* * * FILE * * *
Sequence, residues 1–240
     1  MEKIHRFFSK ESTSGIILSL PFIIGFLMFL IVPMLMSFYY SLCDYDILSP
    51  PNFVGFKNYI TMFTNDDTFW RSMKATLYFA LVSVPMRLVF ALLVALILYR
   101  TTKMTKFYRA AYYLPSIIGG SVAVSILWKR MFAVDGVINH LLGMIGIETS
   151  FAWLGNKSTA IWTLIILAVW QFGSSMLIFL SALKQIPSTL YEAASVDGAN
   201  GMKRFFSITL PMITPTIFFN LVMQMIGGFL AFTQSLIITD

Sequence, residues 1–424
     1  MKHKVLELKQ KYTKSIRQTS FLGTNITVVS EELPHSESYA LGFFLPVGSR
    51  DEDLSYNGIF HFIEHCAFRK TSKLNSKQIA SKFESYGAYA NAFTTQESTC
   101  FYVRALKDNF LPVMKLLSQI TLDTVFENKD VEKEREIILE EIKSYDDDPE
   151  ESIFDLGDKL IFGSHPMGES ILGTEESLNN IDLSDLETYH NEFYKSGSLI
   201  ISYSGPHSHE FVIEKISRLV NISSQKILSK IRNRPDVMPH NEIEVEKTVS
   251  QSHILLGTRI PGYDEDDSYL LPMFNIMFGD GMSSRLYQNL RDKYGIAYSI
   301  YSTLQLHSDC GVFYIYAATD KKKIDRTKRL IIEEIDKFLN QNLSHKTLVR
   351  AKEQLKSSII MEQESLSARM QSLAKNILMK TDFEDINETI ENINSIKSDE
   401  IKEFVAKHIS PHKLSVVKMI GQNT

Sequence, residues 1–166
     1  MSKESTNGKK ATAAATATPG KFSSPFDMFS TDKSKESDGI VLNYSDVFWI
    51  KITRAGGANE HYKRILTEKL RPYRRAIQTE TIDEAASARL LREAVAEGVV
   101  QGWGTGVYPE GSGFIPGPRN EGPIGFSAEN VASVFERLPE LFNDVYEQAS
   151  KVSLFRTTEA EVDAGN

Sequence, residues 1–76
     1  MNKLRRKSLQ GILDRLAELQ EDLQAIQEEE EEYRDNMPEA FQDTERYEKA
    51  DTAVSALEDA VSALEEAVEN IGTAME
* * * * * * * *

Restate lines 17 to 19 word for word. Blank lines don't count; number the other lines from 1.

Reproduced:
Sequence, residues 1–166
     1  MSKESTNGKK ATAAATATPG KFSSPFDMFS TDKSKESDGI VLNYSDVFWI
    51  KITRAGGANE HYKRILTEKL RPYRRAIQTE TIDEAASARL LREAVAEGVV